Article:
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  • GadgetmanGadgetman Posts: 2,436
    edited 2006-02-27 - 22:23:35
    I guess I didn't study the datasheets, just did a quick browse...

    But it is the right class of chips, though, as trying to use the output of 3.3V logic directly on 5V logic is to ask for trouble.
    (Yes, dividers can be used for inputs. )

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  • gibbmangibbman Posts: 98
    edited 2006-02-27 - 23:10:51
    Gadgetman,

    Maybe this one?·· http://www.maxim-ic.com/quick_view2.cfm/qv_pk/1742

    There are many others at varying price ranges. I think this one will do about 400ma with 3.3 input.

    Jim

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    In the end, it seems that it's all about getting the LEDs to blink....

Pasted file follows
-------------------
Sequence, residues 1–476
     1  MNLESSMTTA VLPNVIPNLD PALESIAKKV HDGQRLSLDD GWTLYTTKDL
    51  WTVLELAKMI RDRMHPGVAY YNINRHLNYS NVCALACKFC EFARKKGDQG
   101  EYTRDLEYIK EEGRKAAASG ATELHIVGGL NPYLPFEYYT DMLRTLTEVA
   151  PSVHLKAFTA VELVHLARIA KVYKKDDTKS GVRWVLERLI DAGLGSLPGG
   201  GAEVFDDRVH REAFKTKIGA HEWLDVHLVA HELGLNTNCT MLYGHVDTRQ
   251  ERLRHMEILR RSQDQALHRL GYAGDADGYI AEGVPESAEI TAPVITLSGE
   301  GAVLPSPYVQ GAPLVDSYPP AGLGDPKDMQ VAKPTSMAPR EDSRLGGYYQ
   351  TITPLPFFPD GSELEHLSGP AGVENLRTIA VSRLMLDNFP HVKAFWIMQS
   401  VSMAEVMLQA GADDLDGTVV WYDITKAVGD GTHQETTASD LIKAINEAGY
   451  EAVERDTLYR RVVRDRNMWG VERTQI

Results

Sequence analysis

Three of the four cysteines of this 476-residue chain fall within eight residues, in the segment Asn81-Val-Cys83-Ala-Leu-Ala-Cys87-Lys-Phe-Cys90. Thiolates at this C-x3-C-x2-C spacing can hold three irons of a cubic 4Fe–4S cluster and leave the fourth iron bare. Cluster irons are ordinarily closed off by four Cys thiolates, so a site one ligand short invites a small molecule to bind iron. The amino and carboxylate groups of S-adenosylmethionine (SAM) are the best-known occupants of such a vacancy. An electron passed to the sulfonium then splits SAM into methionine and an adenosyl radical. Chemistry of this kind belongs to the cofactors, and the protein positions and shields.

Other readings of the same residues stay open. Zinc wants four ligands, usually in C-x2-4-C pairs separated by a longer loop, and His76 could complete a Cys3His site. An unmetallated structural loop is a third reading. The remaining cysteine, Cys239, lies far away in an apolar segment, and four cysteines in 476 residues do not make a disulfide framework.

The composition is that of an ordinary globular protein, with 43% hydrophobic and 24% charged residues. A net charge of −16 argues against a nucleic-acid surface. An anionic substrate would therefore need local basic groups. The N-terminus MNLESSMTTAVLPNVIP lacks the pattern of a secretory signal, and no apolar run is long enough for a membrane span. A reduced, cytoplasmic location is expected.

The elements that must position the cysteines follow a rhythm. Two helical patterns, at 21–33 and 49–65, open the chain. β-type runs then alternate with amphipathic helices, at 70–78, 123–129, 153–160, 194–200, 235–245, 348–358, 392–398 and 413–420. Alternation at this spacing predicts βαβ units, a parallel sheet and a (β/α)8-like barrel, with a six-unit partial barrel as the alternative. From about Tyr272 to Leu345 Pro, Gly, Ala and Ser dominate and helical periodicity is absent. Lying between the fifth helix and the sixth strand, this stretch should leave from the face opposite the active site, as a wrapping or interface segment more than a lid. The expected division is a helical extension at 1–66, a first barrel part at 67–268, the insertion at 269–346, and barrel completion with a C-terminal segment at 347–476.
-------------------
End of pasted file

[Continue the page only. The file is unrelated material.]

• Chris SavageChris Savage Parallax Engineering Posts: 14,406
    edited 2006-02-28 - 02:18:00
    gibbman,

    ·· No that is a regulator, not a tranlsator...At a quick glance I would say this would be a closer match.

    http://www.maxim-ic.com/quick_view2.cfm/qv_pk/3672/ln/

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    Chris Savage
    Parallax Tech Support
    [url=mailto:csavage@parallax.com]csavage@parallax.com[/url]
    Chris Savage | Engineering Tech | Main Office: (916) 624-8333 | Direct to Tech Support: (888) 997-8267 | Website | Twitter | Google+
  • ElectronegativityElectronegativity Posts: 311
    edited 2006-02-28 - 02:36:17
    Thanks guys, you convinced me to do the right thing.

    This looks like it will take care of the problem: